Totalitarian governments claimed countless lives during the 20th century. In its role as a member of the Platform of European Memory and Conscience, Atlas Network partner the Icelandic Research Centre for Innovation and Economic Growth (RNH) seeks to “keep alive the memory of the victims of totalitarianism in Europe” by publishing a series of books in Icelandic that were part of the historic fight against totalitarian governments. The books are available both in print and in free online editions hosted by Google Books.
The five anti-totalitarian books all include an introduction and notes by Prof. Hannes H. Gissurarson, a political science professor and researcher with RNH. They include a translation of Khruschev’s Secret Speech on Stalin; El Campesino, by Valentín González and Julián Gorkin, about the Spanish Civil War and the Gulag; Baltic Eclipse, by Ants Oras, and Estonia: A Study in Imperialism, by Andres Küng, both about Soviet oppression in the Baltic countries; and Service, Servitude, Escape, by Aatami Kuortti, the first book published in Icelandic by a Gulag prisoner. Gissurarson also wrote The Icelandic Fisheries: Sustainable and Profitable, the first book in a new RNH series exploring ideas in libertarian policy and thought. Both book series are funded in part with a grant from Atlas Network.
RNH also published three more Icelandic translations of books in its anti-totalitarian series during 2015: Articles on Communism, by philosopher Bertrand Russell; Women in Stalin’s Slave Camps, by Elinor Lipper and Aino Kuusinen; and Out of the Night, by Jan Valtin.
“The most difficult challenge has not been to produce the material, but to reach out to students and others to make them aware of the existence of this material,” Gissurarson said. “Often the teachers are hostile to libertarian and anti-totalitarian works. Therefore a way has to be found around them, to the students. We are still planning this. Meanwhile, we continue to increase the number of works made available online.”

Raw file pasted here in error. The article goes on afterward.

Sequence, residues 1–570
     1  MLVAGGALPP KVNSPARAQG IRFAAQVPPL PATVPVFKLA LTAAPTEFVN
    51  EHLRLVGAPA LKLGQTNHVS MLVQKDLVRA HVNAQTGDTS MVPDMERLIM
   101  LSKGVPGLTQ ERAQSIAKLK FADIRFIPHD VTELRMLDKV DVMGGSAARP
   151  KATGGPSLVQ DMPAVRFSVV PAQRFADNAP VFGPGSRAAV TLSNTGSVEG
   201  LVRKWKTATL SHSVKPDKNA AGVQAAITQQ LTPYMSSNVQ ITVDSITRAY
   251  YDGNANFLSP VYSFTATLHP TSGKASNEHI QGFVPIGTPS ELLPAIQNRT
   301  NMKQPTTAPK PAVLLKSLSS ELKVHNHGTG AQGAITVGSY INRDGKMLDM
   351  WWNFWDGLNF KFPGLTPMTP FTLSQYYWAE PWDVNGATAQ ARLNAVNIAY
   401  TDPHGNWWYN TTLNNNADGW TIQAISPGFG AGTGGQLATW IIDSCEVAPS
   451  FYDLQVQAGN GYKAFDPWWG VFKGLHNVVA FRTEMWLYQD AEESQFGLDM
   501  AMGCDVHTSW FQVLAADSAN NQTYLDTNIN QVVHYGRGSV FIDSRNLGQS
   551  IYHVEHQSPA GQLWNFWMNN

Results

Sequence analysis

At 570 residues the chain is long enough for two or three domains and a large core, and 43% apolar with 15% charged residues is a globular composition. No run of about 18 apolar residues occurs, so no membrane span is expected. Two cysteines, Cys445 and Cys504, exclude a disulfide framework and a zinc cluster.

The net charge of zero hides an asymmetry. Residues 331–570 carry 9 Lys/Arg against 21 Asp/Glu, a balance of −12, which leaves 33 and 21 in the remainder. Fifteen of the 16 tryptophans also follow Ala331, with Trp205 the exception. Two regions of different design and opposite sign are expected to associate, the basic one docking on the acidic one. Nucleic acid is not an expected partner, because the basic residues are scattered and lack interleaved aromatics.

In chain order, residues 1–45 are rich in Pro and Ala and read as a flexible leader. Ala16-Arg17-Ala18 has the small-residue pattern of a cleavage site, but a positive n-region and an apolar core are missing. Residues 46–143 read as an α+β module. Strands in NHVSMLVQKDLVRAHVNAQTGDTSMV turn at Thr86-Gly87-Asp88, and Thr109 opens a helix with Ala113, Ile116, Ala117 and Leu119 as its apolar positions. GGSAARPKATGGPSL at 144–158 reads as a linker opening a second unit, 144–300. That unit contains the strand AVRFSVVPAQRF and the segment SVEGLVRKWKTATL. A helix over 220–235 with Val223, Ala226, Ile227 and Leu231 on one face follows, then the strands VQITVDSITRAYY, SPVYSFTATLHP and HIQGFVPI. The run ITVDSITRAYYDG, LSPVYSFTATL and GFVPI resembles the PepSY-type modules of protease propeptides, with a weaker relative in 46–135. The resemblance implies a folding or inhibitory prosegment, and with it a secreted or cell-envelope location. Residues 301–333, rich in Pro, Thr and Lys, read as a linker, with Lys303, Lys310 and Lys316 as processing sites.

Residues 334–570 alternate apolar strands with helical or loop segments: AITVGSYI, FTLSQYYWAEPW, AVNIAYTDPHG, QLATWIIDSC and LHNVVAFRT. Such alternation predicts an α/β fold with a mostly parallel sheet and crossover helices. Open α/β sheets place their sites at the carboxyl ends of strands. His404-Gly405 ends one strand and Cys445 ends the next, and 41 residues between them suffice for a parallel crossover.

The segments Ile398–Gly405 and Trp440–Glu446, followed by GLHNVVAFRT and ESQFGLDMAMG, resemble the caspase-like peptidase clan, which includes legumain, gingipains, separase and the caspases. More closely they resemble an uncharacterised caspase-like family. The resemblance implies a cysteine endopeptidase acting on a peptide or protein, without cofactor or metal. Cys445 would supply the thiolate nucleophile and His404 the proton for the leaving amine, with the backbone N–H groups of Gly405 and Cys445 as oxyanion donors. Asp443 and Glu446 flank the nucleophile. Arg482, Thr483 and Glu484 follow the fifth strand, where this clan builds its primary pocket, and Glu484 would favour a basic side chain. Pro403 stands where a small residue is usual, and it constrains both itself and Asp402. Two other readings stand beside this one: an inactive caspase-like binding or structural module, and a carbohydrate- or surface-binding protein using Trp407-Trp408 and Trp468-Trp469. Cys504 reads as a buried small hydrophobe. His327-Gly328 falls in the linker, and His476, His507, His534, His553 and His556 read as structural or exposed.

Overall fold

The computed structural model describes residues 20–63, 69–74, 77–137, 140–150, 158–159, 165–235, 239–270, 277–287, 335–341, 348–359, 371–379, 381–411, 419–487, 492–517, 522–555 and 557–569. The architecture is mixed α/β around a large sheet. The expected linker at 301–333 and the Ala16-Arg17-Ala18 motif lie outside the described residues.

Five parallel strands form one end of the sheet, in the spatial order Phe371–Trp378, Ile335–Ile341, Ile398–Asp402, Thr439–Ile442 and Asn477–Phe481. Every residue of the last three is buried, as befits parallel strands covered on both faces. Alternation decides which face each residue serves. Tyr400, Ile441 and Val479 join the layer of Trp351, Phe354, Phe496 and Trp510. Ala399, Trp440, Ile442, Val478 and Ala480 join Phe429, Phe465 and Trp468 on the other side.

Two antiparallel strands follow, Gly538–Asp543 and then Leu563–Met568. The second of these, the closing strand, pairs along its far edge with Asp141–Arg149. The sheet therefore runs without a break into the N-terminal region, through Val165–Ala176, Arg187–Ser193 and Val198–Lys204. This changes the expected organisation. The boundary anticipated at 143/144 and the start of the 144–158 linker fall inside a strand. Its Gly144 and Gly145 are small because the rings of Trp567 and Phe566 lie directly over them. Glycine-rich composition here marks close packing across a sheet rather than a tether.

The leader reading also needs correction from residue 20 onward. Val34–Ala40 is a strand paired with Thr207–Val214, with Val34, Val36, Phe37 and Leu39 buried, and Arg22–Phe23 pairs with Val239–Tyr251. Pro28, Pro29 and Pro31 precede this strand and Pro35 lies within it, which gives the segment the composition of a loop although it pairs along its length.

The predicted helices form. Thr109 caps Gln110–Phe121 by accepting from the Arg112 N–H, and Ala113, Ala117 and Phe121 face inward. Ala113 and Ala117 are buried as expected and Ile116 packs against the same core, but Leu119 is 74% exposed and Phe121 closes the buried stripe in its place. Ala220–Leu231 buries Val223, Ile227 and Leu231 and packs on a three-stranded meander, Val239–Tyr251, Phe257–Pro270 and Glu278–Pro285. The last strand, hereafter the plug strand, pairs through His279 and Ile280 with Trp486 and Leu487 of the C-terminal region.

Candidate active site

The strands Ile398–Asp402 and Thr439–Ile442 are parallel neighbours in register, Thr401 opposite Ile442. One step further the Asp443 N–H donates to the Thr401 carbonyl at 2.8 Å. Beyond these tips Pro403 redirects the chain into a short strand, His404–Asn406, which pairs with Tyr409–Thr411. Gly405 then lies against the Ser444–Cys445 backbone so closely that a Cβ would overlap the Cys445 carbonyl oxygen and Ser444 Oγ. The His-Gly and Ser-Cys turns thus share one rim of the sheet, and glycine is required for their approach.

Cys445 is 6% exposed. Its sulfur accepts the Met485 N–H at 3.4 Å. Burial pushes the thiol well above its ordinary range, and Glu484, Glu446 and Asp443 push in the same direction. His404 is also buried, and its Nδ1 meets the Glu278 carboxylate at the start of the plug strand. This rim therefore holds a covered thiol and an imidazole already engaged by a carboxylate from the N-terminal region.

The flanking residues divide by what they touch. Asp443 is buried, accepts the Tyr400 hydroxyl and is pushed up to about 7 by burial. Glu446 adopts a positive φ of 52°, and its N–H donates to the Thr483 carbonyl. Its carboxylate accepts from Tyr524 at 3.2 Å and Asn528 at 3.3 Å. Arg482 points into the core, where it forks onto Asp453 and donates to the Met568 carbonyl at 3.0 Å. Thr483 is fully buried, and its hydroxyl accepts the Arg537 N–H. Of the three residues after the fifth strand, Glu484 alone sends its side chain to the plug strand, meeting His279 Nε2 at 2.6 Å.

To date, the two books about Soviet oppression in Baltic countries have received the most attention, bolstered by an Aug. 26 book launch that included speeches by Member of the European Parliament Tunne Kelam, who had been a leader of the struggle for freedom in Estonia during Soviet rule, and former Icelandic Prime Minister David Oddsson.
“Hitler and Stalin decided in the secret part of their August 1939 Non-Aggression Pact that the Baltic countries and Finland would fall under Stalin’s control whereas Hitler would seize the Western part of Poland,” RNH reported, paraphrasing Kelam’s remarks. “When Hitler subsequently attacked Poland, the Second World War broke out. Kelam said that Putin’s Russia was now behaving aggressively and that Western democracies had to unite in preserving the independence of the Baltic countries which were an integral part of the West.”
Gissurarson’s book about introducing property rights in Icelandic fisheries also caught the attention of policymakers in the United Kingdom, because its “Brexit” from the European Union means that it will abandon the EU’s Common Fisheries Policy. Gissurarson was invited to discuss his research at an Institute of Economic Affairs seminar in the fall, as well as to participate in an Adam Smith Institute special luncheon and a meeting with the U.K. fisheries minister.
Jonas Sigurgeirsson, director of the RBH Public Book Club, shows some of the organization’s anti-totalitarian book translations to Einar Gudfinnsson, speaker of the Icelandic Parliament.